How to make your own Vietnamese style Pho dish


I went to an amazing Vietnamese restaurant in London last summer called Pho. Wikipedia describes it best:

Phở or pho is a Vietnamese noodle soup consisting of broth, linguine-shaped rice noodles called bánh phở, a few herbs, and meat. It is primarily served with either beef or chicken.

They sold wonderful noodle dishes for the most part and they were so simple in execution but so tasty. The idea was similar to Vietnamese street food, broths, noodles, fresh veg, fresh meat, and letting the flavours do the work. I searched for recipes online using my usual haunts such as bbcgoodfood, Nigella, Jamie Oliver, Lorraine Pascal (no joy), and finally Ching-He Huang (no joy). I didn’t want laborious dishes as I already find it difficult after putting Pumpkinella to bed, to prepare and eat a meal before it’s already time for bed.

I started putting some ideas to paper of common things that go into oriental dishes, things I could easily find in a local supermarket but things that reminded me of the aroma of my lovely Pho dish.

Some weeks later and a random food bulk-buy shopping trip to Costco, they had a free tasting of a frozen pre-cooked chicken Pho dish. It was absolutely yummy and brought me right back to the restaurant in London. For about 2 months I kept my freezer stocked with Pho and had it for dinner at least 3 times a week. This might seem obsessive but it came frozen in packs of 4 and only needed water and 6 minutes in the microwave before it became perfection in my mouth. It was light, fresh, and low in calorie. Low in calorie you say? Well yes, very little oil, glass noodles, cooked chicken, spring onions, cooked onions and a chicken broth, and that was it. It was also surprisingly filling. After a month of not really making any other changes to my diet and eating this every couple of nights with my husband, I managed to lose a whole stone in weight. I think at dinner time when you have a young child sometimes meal times can be very late in the evening and can sit around in your gut storing fat. All you do is eat then sleep and your body doesn’t get a chance to digest heavier meals. Well this Pho dish was quick and easy to prepare and a lighter evening meal which was still appetising and thankfully easy to digest. Although pleasantly surprised about the weight loss it didn’t take long before I started to get a bit bored of the meal.

Coincidentally my canteen at work also introduced a pho-style noodle dish and although it isn’t wasn’t a regular feature, I tried it and liked. It could use a little bit more flavour but the idea behind it is essentially a very Pho style dish. I began to have it every time it was on the menu and embarrassingly a few months on, I still go for it when i see it. This coupled with the Costco one meant I pho was almost literally coming out of my ears!

In any case I saw all these things as a sign that I need to try and cook this for myself. I went about in search of ways to incorporate the flavours I’d been enjoying with ingredients I’m more familiar with in my kitchen and seeing how I could vary things to keep my taste buds excited. I’m quite an adventurous person when it comes to food anyway but I love asian food particularly, be it south-east asian or Indian.

My favourite Pho-style recipe so far is this chicken noodle soup one I’m describing to you below.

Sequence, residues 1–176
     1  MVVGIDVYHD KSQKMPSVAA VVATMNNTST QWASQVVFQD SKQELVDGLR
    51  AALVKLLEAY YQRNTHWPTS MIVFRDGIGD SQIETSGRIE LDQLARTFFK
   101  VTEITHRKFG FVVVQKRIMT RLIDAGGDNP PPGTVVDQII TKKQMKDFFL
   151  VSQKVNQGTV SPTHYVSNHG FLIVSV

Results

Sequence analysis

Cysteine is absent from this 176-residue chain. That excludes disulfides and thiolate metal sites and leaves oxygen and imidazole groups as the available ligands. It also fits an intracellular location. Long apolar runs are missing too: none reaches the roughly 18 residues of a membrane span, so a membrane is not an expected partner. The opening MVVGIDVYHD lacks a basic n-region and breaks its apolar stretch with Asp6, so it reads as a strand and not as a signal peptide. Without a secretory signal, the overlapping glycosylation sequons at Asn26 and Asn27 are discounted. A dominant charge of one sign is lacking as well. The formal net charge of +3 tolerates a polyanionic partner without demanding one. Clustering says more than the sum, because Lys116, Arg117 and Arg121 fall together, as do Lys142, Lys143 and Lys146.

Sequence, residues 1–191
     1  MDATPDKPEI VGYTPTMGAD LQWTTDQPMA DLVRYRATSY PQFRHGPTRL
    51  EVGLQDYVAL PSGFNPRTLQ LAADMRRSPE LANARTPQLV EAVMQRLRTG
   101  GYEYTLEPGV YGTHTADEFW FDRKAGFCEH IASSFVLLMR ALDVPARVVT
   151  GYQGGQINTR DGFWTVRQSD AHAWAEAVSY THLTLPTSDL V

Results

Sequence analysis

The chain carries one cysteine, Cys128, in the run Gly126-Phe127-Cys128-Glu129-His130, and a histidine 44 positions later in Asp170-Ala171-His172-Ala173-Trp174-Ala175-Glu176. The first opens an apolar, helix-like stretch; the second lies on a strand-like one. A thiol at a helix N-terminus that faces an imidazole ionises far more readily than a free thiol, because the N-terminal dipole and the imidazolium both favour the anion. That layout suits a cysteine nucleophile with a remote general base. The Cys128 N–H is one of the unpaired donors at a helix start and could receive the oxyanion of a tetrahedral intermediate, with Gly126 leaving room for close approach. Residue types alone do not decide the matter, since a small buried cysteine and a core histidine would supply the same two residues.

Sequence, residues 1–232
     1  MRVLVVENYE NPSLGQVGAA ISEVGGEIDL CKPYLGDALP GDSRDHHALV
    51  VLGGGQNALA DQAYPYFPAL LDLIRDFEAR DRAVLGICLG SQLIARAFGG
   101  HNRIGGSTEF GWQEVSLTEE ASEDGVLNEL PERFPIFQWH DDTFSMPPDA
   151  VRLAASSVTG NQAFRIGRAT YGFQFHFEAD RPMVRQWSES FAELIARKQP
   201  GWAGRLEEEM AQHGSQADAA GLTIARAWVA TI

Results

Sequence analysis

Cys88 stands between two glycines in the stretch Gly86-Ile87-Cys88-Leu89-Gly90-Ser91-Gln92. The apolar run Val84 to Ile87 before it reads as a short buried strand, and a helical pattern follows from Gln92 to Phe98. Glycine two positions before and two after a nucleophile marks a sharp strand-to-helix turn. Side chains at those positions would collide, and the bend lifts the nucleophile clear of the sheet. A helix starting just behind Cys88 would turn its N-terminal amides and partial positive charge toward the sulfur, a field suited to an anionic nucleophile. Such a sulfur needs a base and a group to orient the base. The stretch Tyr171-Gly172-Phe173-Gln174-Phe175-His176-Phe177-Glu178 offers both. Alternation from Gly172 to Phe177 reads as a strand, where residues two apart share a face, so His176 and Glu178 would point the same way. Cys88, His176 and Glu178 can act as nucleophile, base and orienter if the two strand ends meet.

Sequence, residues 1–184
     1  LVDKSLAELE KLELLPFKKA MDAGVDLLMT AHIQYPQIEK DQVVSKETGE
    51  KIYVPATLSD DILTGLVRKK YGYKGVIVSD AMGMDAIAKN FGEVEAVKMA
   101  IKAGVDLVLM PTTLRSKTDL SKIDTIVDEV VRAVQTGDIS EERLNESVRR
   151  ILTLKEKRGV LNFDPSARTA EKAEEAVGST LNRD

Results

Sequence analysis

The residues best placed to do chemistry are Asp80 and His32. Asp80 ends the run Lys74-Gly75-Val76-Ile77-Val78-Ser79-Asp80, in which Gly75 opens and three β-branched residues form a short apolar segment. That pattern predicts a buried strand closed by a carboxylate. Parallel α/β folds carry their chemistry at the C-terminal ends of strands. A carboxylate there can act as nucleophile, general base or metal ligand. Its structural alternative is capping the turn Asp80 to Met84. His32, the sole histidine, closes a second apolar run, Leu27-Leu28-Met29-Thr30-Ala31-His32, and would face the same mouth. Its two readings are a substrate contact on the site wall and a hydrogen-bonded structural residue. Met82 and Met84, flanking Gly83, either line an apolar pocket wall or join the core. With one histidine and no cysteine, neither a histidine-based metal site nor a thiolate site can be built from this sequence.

Things you’ll need:

  1. Fresh veg ( I chose carrots, spinach, and spring onions)
  2. Fresh herbs ( I chose fresh parsley and my all time love fresh coriander)
  3. Dried noodles of any kind (I went for egg noodles in the world foods aisle of my local supermarket – no special brand but I’ve since also stopped up on vermicelli rice noodles, glass and udon noodles.
  4. Vegetables: 2 sticks of lemongrass sliced, a small Thai red chilli whole, 5cm of galangal or ginger roughly chopped, 3 shallots finely sliced, 5 mushrooms finely sliced, 1 handful of fresh parsley, 1 handful of fresh coriander  and half an onion also finely sliced
  5. A fillet of raw chicken (or more if you love your meat) sliced to around 2.5 cm pieces
  6. Fish sauce
  7. Soy sauce
  8. Salt
  9. Pepper

Now I know this seems like a lot of ingredients but the payoff is out of this world.

Pho ingredients vegetables

I chopped everything up and set it all aside on 2 plates (raw meat and fresh vegetables). and then fried off the chicken in 2 tablespoons of oil. I really didn’t even need that much because I cooked it on a low heat and it cooked in its own juices. I didn’t let it go brown and set it aside once done.

I boiled a pot of water and added the galangal, half the onions, chilli, some fish sauce and a sprinkle of the parsley and coriander. I left it to simmer for about 15 minutes. Once the water had changed colour and gone a bit brown, I had a taste and found that all the flavours had blended together perfectly. Then I took out a colander and poured in the remaining ingredients including the cooked chicken. I stirred until the dried noodles were softened and submerged in the now broth. I then put the pot lid over the colander and left it all to simmer for about 4 mins. And that was it, voila! With some soy sauce to taste I found a new reason to love Pho.

I later discovered another wonderfully ingenious way to eat Pho thanks to a blog called careergirldaily. I found I could add all the ingredients into a mason jar and just add hot water when I get to work and leave the magic to happen. The only thing that required prior cooking was the meat or fish of choice, if indeed you want meat, but it’s perfectly yummy without. The rest of the ingredient just cooked in the sealed mason jar. I will be writing another post all about this new way of making the dish.

Here are a few pictures of some of my experiments and I hope I never get bored with this type of food.

Pho in broth
Pho in broth




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